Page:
“The court is the same as in Paris (two weeks ago), so I was a little bit used to it,” Nishikori said. “But the stadium is huge. I try not to look up too much because there was too many people on the top.”

Raonic had his own take on the event and the whole feeling of the World Tour Finals. “It is a bit different. I think that the biggest difference (is) trying to demand a high level right from the get-go. There’s a few more perks, you get treated different than you would necessarily at other events. But the fundamentals of the event are no different than anywhere else.”

Canada’s Davis Cup leader was impressive in expressing himself during his media conference, giving thoughtful replies on a number of subjects, including about the poppies people wear in Britain (and in Canada) at this time of year. “I have a very good understanding of what it exactly means back home in Canada,” Raonic said. “I’m not sure if the storyline is a bit different or if it’s the same here. But I definitely know what it represents.”

His most perceptive answer was to a question about how he thought French fans will react to the beloved Federer when he leads the Swiss against France in the Davis Cup final in Lille from November 21-23. “I think people are going to be very patriotic up in the north of France,” Raonic said. “And I think the thing that’s unique about Roger is people will support the home players when they face Roger. But Roger is very tough to cheer against. Whereas (with) quite a few other players, people will try to sort of get on top of them, get down on them. I have not seen a situation where people have tried to do that – at least since I’ve been on tour – to Roger.”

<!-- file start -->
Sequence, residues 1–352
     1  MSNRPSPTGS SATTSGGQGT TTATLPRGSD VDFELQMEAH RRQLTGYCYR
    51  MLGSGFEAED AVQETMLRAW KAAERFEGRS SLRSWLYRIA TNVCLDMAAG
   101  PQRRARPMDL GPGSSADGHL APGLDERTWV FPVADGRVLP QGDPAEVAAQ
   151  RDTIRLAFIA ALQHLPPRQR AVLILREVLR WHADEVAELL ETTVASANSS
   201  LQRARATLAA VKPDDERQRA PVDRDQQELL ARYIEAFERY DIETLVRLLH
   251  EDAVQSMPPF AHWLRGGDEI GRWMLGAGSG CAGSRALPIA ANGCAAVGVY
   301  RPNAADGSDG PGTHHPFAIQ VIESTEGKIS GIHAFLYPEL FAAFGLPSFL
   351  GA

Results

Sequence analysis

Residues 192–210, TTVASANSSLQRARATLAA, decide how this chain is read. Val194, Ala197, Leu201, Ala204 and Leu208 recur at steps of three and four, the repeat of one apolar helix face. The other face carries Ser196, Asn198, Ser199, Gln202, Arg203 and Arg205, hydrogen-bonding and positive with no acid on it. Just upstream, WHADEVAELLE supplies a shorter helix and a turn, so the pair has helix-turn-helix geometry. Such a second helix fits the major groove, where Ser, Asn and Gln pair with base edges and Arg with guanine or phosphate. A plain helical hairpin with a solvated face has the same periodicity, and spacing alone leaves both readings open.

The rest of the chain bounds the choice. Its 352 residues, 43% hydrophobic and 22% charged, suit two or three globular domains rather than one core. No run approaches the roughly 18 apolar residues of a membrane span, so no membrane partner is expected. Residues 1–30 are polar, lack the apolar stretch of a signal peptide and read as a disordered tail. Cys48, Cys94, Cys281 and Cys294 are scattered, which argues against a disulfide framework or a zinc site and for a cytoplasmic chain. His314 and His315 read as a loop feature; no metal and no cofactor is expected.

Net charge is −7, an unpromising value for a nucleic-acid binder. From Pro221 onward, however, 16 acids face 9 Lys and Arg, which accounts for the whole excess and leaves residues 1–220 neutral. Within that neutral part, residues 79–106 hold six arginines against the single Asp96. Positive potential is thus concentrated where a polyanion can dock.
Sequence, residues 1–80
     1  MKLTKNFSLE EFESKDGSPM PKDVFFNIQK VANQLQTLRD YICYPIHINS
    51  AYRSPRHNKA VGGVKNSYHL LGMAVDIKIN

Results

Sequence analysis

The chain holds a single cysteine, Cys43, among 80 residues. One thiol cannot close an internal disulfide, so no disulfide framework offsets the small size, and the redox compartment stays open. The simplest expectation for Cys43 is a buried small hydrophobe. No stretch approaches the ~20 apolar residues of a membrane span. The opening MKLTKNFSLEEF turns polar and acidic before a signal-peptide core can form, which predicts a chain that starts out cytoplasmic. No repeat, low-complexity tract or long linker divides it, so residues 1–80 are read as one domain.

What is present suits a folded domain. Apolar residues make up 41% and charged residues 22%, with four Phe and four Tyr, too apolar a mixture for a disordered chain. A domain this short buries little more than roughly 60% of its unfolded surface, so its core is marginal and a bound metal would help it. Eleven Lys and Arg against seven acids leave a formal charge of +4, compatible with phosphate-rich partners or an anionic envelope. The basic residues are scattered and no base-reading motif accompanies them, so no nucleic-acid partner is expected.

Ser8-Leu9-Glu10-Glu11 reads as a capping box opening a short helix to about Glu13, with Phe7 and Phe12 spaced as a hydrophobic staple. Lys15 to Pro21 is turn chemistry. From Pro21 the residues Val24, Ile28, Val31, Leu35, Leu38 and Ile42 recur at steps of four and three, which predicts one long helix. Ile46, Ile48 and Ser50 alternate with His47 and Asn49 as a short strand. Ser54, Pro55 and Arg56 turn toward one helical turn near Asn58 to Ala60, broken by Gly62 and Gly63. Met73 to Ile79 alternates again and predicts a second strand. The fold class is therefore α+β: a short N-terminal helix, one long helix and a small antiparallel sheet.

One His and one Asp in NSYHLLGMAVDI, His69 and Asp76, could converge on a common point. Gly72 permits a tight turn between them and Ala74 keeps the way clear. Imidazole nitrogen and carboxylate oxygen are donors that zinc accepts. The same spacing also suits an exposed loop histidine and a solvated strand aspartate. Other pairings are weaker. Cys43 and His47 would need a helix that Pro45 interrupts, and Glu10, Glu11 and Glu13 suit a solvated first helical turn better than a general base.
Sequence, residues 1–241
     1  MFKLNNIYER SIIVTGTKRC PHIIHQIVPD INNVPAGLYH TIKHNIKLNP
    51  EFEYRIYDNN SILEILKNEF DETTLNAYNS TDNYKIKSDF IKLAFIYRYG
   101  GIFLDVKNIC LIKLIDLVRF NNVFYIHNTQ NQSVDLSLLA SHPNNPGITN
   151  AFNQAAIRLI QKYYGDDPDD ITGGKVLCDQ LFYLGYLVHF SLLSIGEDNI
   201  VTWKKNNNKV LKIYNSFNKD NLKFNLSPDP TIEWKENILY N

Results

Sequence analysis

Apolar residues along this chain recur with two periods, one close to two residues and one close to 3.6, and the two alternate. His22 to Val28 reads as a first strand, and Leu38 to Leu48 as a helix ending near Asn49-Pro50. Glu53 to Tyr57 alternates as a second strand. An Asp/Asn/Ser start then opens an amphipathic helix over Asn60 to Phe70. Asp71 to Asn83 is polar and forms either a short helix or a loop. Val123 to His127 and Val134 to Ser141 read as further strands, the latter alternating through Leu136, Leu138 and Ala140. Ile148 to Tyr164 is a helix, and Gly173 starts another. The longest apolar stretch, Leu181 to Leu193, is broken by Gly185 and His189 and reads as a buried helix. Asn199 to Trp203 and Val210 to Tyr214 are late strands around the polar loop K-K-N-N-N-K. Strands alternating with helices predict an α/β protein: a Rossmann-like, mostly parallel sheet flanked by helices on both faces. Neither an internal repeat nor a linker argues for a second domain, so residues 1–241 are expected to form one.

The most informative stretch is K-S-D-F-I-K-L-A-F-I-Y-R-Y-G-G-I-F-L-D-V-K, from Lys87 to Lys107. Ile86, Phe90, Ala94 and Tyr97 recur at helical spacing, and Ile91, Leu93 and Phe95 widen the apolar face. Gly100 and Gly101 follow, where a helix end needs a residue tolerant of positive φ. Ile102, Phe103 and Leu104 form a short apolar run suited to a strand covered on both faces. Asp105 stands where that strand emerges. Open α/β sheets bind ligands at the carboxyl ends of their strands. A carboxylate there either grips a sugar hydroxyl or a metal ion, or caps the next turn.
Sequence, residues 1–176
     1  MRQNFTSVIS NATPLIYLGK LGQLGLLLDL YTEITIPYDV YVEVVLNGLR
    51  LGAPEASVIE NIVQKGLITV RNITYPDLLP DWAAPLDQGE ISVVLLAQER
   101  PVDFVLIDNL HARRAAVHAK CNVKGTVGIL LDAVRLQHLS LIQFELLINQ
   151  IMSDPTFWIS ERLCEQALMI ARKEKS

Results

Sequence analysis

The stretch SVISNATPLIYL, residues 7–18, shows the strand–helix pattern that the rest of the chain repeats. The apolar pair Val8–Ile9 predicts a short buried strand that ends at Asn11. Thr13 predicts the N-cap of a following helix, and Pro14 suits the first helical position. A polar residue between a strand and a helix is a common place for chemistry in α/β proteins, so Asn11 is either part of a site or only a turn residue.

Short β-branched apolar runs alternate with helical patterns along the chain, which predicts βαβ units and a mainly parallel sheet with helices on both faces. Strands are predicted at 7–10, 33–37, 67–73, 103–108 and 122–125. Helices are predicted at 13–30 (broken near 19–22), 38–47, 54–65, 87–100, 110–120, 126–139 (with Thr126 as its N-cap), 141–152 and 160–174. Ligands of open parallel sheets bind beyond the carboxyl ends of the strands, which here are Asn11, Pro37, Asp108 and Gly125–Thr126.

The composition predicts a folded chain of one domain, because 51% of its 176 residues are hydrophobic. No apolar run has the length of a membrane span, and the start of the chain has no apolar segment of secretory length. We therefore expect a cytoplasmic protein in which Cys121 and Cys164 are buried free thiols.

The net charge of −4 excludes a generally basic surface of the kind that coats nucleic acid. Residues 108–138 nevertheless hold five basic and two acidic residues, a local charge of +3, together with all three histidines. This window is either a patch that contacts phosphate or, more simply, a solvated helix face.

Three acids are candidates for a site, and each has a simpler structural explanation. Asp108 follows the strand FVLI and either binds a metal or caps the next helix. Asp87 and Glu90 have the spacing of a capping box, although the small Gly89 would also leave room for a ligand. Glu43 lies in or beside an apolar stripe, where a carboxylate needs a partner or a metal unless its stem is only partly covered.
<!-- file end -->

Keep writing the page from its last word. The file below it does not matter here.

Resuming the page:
Next for Raonic will be Murray on Tuesday evening. Sunday night, after a very uneven performance in the loss to Federer, he said, “I get pretty angry when I lose so…I’m going to have to learn how to slap myself out of it.”

Raonic has a 3-1 head-to-head advantage over Murray but lost 6-4, 6-4, 6-2 to the 27-year-old Scot in the round-of-16 at the 2012 US Open when Murray broke through for his first Grand Sam title.

The decisiveness of that win has overshadowed Raonic’s wins in Barcelona and Tokyo in 2012 and in Indian Wells earlier this year.

On Sunday, Murray may have been misled by very patchy play early in the match by Nishikori, but once the Japanese got on his game he was clearly the more aggressive and confident player.

Both Murray and Raonic know that a second loss in the round-robin format will pretty well end their hopes.

“You need to forget about today, work on some things tomorrow and hopefully play better on Tuesday,” Murray said.

Raonic claimed that the World Tour Finals are different than Wimbledon, also held in London, in that they are mainly about trying to finish off the year on a good note.

While it might not sound quite as strong as it was intended to, Federer, in his French media conference, stated that Raonic has made “un joli progres” (a nice little advance) this year. Coming, unsolicited, from the great man himself, that’s “un joli compliment” (a nice little compliment).



Daniel Nestor and his partner Nenad Zimonjic were beaten in their first outing at the ATP World Tour Finals on Sunday, losing 6-3, 7-5 to Ivan Dodig of Croatia and Marcelo Melo of Brazil.

The top seeds in Group B were re-uniting after ending their partnership going forward (2015 and onward) after the Shanghai Masters 1000 event last month.

“We’ve proven that we can play well together without spending much time together – we started the year well this year without having much time in preparation,” Nestor said about the uncommon situation. “And we won a tournament a couple of years ago (Basel in 2012) without having any matches at all.”